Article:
We've faced the possibility of "gripping the rail" in court for years for simply doing our jobs and facing politically-motivated complaints and discipline systems. This is a recent phenomena for the army, in NI successive governments had your backs until this lot came in after 1997. Rather than look around for others to vent your anger at, sort yourselves out and lobby for a proper staff association like the one we've got. A fiver a month each would buy you a pretty big legal budget from independent lawyers as well as a proper PR machine that works for the operational soldier outside of the MoD machine.

Just my 2p.


You may have missed the point here. This was not a direct pop at the police, it is all about a sense of proportion. I see you have focused on the traffic casualties etc. As you well know, police have been involved in many high profile incidents where casualties were incurred and there was not a car in sight. The infamous table leg incident is yet another. The threat of 'action' by comrades saw that one off and no-one will now face charges. Again. I'm not having a go at the coppers here - you have to ask who has got it right and your last paragraph might well be the answer. If the fcking politicians want to play by PC rules then let's not tie one hand behind our backs.

The sense of proportion has to come from somewhere - and only by comparing the military with another uniformed security service can a reasonable comparison be made.

I have made my feelings about policemen shooting people known in an earlier thread. Here, I would like to say two things:

1 Concerning the police, just as in the case of the military forces, there is a lot of difference between the attitudes and influence of the blokes at the bottom of the hierarchy and those at the top.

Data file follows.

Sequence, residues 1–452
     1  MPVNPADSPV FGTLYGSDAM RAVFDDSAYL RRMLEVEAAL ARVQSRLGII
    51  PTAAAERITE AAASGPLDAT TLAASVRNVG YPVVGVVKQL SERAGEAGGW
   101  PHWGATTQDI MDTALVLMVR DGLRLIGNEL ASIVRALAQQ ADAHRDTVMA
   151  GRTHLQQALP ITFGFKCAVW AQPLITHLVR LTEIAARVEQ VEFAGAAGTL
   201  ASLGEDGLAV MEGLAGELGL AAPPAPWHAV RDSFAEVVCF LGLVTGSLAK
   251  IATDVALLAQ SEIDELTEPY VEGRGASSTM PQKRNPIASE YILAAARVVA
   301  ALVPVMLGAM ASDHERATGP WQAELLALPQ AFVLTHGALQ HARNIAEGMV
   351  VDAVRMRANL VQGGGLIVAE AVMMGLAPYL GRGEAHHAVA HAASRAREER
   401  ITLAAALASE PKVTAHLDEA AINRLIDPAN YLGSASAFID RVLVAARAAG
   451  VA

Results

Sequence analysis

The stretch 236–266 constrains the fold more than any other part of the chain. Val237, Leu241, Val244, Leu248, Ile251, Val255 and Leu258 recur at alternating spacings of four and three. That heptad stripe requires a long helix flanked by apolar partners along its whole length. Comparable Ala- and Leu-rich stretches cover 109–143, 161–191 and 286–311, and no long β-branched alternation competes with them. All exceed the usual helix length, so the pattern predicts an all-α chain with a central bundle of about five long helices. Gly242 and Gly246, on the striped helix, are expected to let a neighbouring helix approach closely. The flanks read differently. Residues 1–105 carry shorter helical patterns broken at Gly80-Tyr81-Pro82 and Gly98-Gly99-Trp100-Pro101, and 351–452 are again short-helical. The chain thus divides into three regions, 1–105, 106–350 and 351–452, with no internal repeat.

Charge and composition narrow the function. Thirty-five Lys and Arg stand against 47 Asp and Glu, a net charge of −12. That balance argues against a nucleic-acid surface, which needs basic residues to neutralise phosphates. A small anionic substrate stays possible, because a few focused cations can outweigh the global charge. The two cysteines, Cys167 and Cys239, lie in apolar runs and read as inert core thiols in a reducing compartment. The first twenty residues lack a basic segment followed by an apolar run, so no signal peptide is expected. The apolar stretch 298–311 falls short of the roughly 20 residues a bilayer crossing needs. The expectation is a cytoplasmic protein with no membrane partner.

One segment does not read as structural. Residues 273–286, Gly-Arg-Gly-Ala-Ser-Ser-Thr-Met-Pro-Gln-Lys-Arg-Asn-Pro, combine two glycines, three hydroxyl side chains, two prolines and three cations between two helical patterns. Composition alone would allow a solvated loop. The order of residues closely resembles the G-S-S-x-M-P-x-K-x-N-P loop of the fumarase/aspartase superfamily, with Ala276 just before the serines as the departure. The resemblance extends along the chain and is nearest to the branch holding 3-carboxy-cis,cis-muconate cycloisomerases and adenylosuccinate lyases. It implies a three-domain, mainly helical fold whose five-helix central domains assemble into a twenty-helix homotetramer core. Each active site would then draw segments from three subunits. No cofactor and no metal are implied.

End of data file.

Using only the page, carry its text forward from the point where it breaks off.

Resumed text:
2 'The police', in the sense of those senior officers who make the longer-term decisions, have their own agenda and it is not a libertarian one. I think they should be kept on a very short lead indeed. The sight of a British PM proposing compulsory identity cards and 90 days detention without charge because 'the police want it' is disgraceful.

Has this anything to do with Storeman Norm's original post? You tell me.
I should say that if the Prime Minister puts forward proposals about what the Police say they need to fight crime, that's a good thing. What if the PM said on behlaf of the Army "They are not happy with their rifle and want a new one, lets get it for them", would that then be an Army with its own agenda? Yes of course; an Army whose agenda is to get the kit it needs to do the job. Why are you afriad of asking the police what they need to do the job?

Finally...the car crash that killed two people and injured two cops. Didn't it happen because the family were driving on the wrong side of a motorway/dual carriageway? Must be the coppers fault, string them up!
As you well know, police have been involved in many high profile incidents where casualties were incurred and there was not a car in sight. The infamous table leg incident is yet another. The threat of 'action' by comrades saw that one off and no-one will now face charges.
As of yet a soldier hasn't had to wait almost six years for a final outcome to a criminal and/ or disciplinary process, unlike these two officers. No doubt it will happen eventually.

If we want to talk about some recent army cases, fine. The "duct-taping Iraqis to fork-lifts" was a legitimate case to prosecute and people were found guilty, although not high enough up the chain of command perhaps. The parachute regiment case was pretty grim, would never have got to a civilian court in my humble and so justice was done and the men found not guilty.

Most policemen who shoot people do so because their job put them there and they made a decision in difficult circumstances. Very few have stood trial for offences as serious as Manslaughter (although some have) but if in doubt the System always seems to try to prosecute coppers, it's in the "public interest."

Whats happened here is a paradigm shift for political and legal reasons. Our government sees peace-keeping operations as akin to policing and the legal paradigm has shifted (unfairly) in that direction. Furthermore, they need to balance the unpopularity of the war with the backbenches by being seen to be extremely tough on any soldier who crosses an ever-shifting, nebulous line of the ROEs of the day.

What that has to do with coppers is neither here nor there. I didn't vote for this lot, so I'm not culpable there either. When you look at it closely, all of us who serve the public at the sharp end are subject to media-driven decisions by people who invariably haven't done anything more taxing than work as a policy wonk, or a Quango member, or a local government apparatchik.